Midwest DairyMidwest Dairy Association, a non-profit organization which manages dairy farmer checkoff funds in a 10-state region, has named Lucas Lentsch as its next CEO. Lentsch, who is currently serving as South Dakota's secretary of agriculture, will begin working for the organization in mid-April, transitioning into the group's leadership post as the current CEO, Mike Kruger, moves toward retirement on July 1, 2016.

"We're excited about this new chapter for our organization," said Jerry Messer, Richardton, N.D., Midwest Dairy chairman. "We are looking forward to a seamless transition from Mike Kruger's legacy of leadership to a new perspective from Lucas Lentsch."

Lentsch was selected by a search committee of 12 dairy farmers from across Midwest Dairy's geography and was approved by the organization's 34 dairy farmer board members who serve at the corporate level.Kincannon & Reed, a leading executive search firm focused on the food and agribusiness sectors, assisted Midwest Dairy Association in the recruitment of Lentsch.

Lentsch to play key role for dairy community
In his new role, Lucas Lentsch will lead the organization, which represents nearly 20 percent of the nation's dairy farmers, in building trust and sales on behalf of farmers across the Midwest. He will play a key role in working with Dairy Management Inc. at the national level. Capitalizing on his expertise in government and business development, Lentsch also will play a key role in continuing Midwest Dairy's leadership on A Path Forward, an effort to help the region capture its share of the growing consumer dairy market in years to come.

Previous to his appointment as agriculture secretary by South Dakota Governor Dennis Daugaard in 2013, he was director of agriculture development for South Dakota. He also spent more than 10 years in business and community development in northeast South Dakota. He was raised on a family dairy farm and graduated with a bachelor's degree in dairy manufacturing from South Dakota State University.

"It has been an honor serving as secretary of agriculture for South Dakota's farmers and ranchers, and I am now looking forward to serving the more than 8,000 dairy farm families of Midwest Dairy Association," said Lentsch. "As a passionate advocate for agriculture, I am excited to lead the team of Midwest Dairy Association forward as their CEO."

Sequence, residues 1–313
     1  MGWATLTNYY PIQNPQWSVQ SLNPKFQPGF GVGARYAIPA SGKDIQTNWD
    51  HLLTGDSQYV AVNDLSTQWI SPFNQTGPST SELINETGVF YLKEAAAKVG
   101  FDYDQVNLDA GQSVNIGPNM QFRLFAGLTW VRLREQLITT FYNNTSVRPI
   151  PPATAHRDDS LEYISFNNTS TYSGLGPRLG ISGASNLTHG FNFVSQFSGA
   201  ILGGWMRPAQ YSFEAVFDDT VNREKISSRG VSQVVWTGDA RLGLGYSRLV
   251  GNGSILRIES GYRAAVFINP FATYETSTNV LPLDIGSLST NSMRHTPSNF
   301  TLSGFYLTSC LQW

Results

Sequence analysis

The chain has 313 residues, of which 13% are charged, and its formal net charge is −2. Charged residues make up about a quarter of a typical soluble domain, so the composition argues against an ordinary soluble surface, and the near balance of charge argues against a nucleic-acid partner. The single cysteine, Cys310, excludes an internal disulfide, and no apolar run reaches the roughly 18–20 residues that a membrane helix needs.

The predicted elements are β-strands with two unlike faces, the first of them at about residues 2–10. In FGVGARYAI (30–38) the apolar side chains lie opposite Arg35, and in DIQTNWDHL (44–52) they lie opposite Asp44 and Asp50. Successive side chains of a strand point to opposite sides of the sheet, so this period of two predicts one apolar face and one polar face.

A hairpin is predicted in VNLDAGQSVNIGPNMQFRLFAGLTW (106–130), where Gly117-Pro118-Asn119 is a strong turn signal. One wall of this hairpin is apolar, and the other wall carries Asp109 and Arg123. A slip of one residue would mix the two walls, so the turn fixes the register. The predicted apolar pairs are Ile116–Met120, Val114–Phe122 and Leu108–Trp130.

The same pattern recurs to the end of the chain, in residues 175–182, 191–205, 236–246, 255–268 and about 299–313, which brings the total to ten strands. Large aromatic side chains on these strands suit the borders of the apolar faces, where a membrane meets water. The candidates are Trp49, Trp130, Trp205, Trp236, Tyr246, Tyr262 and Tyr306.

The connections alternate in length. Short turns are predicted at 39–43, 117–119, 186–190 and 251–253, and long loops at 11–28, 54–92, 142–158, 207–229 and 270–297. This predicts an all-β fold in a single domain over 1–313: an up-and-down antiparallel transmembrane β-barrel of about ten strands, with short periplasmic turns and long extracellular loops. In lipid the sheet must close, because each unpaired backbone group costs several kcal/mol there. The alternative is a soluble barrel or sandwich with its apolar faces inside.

Lentsch and his family plan to relocate this spring to the Minneapolis-St. Paul area, where Midwest Dairy's corporate office is located.

Mike Kruger to close career of dairy leadership
On his retirement date, Mike Kruger will have completed 35 years of service to dairy farmers through their checkoff program. He assumed leadership of a Midwest Dairy Association predecessor organization, American Dairy Association of Minnesota, in 1985 after serving as assistant manager for five years. He guided the organization as it evolved to become American Dairy Association/Dairy Council of the Upper Midwest and later Midwest Dairy Association.

In addition to serving as Midwest Dairy's CEO, Kruger held various leadership roles at Dairy Management Inc., the national checkoff program, through which he provided guidance and influence in representing the interests of Midwest Dairy Association and other state and regional organizations across the country.

In addition to forming Midwest Dairy Association, Kruger's accomplishments were:

  • Transitioning the organization to follow a unified national marketing plan that moved away from a generic advertising focus to strategic partnerships and innovation;
  • Establishing dairy farmers' leadership in child health and wellness through Fuel Up to Play 60 and outreach to the region's leading health organizations; and
  • Elevating the importance of the Midwest Dairy Foods Research Center including developing a position for a dairy economist at the University of Minnesota.

"I've been one of the lucky few to have spent my career serving dairy farmers, who I think embody the essence of American values and represent a product that is fundamental to sound nutrition and enjoyment," Kruger said. "It's been an honor and a privilege."
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